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Wednesday, 9 July 1930


Senator HOARE (South Australia) . - I was astonished at the remarks of Senator Colebatch. The honorable senator adopted a very sympathetic attitude towards the Government of Belgium which has protested against the action of this Government in taking steps to correct Australia's overseas trade balance. It seems to me that some honorable senators are protectionists when it suits them and when it does not suit them they declare for freetrade. Protection is the settled policy of Australia. I hope it will be endorsed by the people for all time. Since we stand for protection, surely it is unreasonable to expect the Government to alter its policy at the dictation of a government of another country which may be affected by increases in the Australian tariff. If we lower the tariff against Belgium, other countries which have trade relations with Australia will expect the same treatment. Senator H. E. Elliott reminded us that during the war Belgium was on the side of the Allies.


Senator Rae - What about the assistance which the Allies gave to Belgium?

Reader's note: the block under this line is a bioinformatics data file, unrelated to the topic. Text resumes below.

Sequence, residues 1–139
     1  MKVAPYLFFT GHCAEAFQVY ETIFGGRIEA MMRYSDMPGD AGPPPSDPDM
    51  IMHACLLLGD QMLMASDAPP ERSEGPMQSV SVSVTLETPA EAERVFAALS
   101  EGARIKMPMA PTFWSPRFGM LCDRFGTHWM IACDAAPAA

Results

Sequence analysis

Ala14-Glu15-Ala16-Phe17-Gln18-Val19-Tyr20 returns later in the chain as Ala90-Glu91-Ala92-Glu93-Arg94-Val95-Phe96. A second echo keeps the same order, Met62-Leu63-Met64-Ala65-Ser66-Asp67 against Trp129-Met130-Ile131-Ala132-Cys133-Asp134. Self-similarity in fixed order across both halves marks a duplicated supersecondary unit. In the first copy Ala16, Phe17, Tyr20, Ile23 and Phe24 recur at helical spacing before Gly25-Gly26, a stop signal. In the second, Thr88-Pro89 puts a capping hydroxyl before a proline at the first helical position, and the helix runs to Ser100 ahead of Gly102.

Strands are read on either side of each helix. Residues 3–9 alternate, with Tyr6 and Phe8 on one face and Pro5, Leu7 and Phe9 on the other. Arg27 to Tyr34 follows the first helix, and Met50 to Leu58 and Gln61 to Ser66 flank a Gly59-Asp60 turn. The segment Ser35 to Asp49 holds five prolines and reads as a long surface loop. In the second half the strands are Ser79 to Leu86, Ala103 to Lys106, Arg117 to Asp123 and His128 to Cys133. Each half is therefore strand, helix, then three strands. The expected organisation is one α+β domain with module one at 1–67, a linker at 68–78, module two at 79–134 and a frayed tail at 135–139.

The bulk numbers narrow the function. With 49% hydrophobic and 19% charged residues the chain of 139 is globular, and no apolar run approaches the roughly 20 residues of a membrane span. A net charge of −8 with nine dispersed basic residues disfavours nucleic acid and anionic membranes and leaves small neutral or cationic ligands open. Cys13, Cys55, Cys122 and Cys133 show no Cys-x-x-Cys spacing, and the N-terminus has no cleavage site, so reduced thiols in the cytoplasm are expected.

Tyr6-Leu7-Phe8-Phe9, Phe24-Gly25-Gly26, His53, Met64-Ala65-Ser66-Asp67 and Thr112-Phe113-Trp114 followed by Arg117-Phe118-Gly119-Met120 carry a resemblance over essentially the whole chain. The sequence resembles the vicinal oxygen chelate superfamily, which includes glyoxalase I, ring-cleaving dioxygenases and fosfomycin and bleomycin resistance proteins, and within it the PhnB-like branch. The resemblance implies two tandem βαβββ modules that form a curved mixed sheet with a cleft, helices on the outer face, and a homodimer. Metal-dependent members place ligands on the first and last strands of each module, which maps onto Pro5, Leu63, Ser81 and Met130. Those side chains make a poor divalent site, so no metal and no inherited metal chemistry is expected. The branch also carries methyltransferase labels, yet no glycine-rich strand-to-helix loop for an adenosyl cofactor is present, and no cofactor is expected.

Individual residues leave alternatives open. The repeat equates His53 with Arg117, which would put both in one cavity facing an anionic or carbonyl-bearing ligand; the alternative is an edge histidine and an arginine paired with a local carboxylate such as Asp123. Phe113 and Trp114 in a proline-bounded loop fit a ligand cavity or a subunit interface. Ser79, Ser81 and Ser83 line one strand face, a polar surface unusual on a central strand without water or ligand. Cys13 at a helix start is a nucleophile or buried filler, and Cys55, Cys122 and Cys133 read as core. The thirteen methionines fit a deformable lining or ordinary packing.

Senator HOARE - No one can deny that Belgium received great assistance from the Allies during and after the war. If we acquiesced in the request of the Governments of all those countries that fought on the side of the Allies, and lowered our tariff barriers Australia eventually would become a freetrade country, and it would be impossible to establish new or extend existing industries in the Commonwealth. If all countries adopted a uniform wage scale and observed our standard of living, we might then be able to surrender our protectionist policy ; but so long as we observe a higher standard of living and pay our operatives in industry higher rates of wages than obtain in other countries, we must protect Australian industries and Australian workmen by customs duties. It would be unreasonable to expect Australian industries to compete on even terms with industries in other countries where the wage-rate is, in some cases, as low as lOd. a day. I am surprised at the attitude of Senator Chapman, who is a free trader and a protectionist by turns. I assisted the honorable senator to have a duty imposed on New Zealand butter, because I am a wholehearted protectionist, and T considered that all industries should be equally safeguarded. Senator Glasgow also reverses his policy when it suits him. The . honorable senator comes from Queensland, which State is interested in the export of beef to Belgium or other countries. For this reason he supported Senator Colebatch in his protest against any action by this Government which might jeopardize or endanger that trade. Because he is interested in the exportation of beef he is inclined to adopt the role of the freetrader, and, I assume, would have no objection to the introduction of Belgian manufactured goods at lower rates of duty. Possibly, even he would not oppose the importation of cotton goods from Belgium, although a week or two ago he supported the Government's proposal to pay a bounty to cotton-growers in Queensland. To say the least he is inconsistent in his fiscal faith. Let us be honest about this matter. I fail to see how we can support any movement to interfere with this Government's policy. Recently we passed a measure under which bounties to the amount of £800,000 will be paid to encourage the establishment of cottongrowing and its allied secondary industries in Australia. We, therefore, cannot consistently lower duties against imports of cotton and other goods which would threaten the destruction of our new industries. I cannot follow the Une of reasoning adopted by those honorable senators who are supporting the motion. Because Japan, for example, imports Australian commodities to the value of £9,000,000 a year, that is no reason why we should allow Japanese manufactured goods to compete on unfair terms with the products of Austra-. lian secondary industries.